Our 2019 Featured #WomenInScience

Tolu Oni  (Nigeria)

“Sparked by her keen interest in study medicine at a younger age, Tolu Oni has researched the interaction between chronic infections and non-infectious diseases and the impact of the environment on the health of individuals. Her work has earned her many leadership positions such as election to the South Africa Young Academy of Science in 2013. She is establishing the Research Initiative for Cities Health and Equity (RICHE), a research programme for urban health research in Africa. (cc:facetofaceafrica)

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Rapelang Rabana (South Africa)

“Upon graduating in Business Science with Honors in Computer Science from the University of Cape Town, Rapelang Rabana co-founded Yeigo Communications, South Africa’s first development company that offered free VoIP mobile services. Through its success, it soon partnered with Telfree, a Swiss Telecommunications Company and Rapelang created a mobile learning app, ReKindle Learning. It is no wonder, then, that she has been listed in several awards such as Forbes’ 30 Under 30: Africa’s Best Young Entrepreneurs and Oprah Magazine’s O Power List 2012. (cc:Ayibamagazine)

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Nagwa Abdel Meguid  (Egypt)

“Dr. Nagwa is a notable geneticist who has identified several genetic mutations that cause common syndromes such as the fragile X syndrome and Autism. In 2002, she won the L’Oreal UNESCO Award for Women in Science for Africa and the Middle East. Since then, she has set up clinics for children with special needs, as well as dealing with early intervention. She is also a member of several groups such as the Gender Research in Africa into Information Communication Technologies for Empowerment (GRACE), as well as Autism-Open Access, to name a few.” (cc:Ayiba Magazine)

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Nashwa Eassa (Sudan)

“Dr. Nashwa has a Master of Science in Material Physics and Nanotechnology and is pursuing a Postdoctoral fellowship in nano-photonics. She founded Sudanese Women in Science and due to her research in nanoparticle physics, won the Elsevier Foundation Award for Early Career Women Scientists in the Developing World in 2015. She is also the assistant professor of physics at Al Neelain University, Khartoum and is currently collaborating on a project that aims at sanitizing water through solar radiation. (AyibaMagazine)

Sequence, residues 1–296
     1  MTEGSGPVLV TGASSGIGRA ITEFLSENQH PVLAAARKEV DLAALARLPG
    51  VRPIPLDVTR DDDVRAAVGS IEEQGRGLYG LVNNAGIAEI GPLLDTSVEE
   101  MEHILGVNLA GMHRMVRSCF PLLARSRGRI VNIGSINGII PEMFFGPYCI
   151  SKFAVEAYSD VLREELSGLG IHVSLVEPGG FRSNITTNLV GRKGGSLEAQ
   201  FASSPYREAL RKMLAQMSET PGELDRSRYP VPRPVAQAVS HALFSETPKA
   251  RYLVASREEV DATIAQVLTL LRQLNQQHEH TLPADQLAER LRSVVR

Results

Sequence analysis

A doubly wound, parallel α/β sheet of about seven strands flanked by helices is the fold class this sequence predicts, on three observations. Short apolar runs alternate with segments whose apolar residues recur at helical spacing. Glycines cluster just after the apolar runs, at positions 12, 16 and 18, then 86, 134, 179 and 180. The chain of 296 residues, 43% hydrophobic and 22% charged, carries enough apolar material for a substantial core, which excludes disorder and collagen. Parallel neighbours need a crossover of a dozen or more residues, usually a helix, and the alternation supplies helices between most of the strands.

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 Quarraisha Abdool Karim (South Africa)

“Professor Karim is a South African epidemiologist who specializes in infectious diseases; is the vice president for the African Academy of Science, Southern Africa; and the foreign associate member of the Institute of Medicine (IoM) of the National Academies. Most notably, Prof. Karim was awarded the top U.S. breakthrough prize (Twas-Lenovo Prize) for developing world scientists and was also awarded South Africa’s highest honour, the Order of Mapungubwe, for her work in fighting the HIV epidemic in South Africa. Her scientific discoveries have contributed not only to better treatment but also to make women more self-reliant in risk prevention.” (cc:ONE)

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Francisca Nneka Okeke (Nigeria)

“Professor Okeke is a Nigerian Professor of Physics at the University of Nigeria and the first female to head the university’s faculty of physical sciences. Prof. Okeke is the recipient of the L’Oreal-UNESCO for Women in Science Award for her significant contributions to the understanding of climate change. She’s advocated for the further inclusion of women in the university’s department, which led to the employment of three new female faculty members. Prof. Okeke continues to encourage girls and women to participate in the development of science and technology.” (cc:ONE)

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Margaret Mungherera (Uganda)

“Dr. Mungherera was a Ugandan psychiatrist and served as president of the Uganda Medical Association. Quite significantly, she became the first female president of the World Medical Association — elected as such by 50 national medical associations worldwide. She had ambitions of entering the medical field from childhood and has spoken of the challenges faced in the field and the need to believe in yourself to achieve your dreams.” (cc:ONE)

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Sherien Elagroudy (Egypt)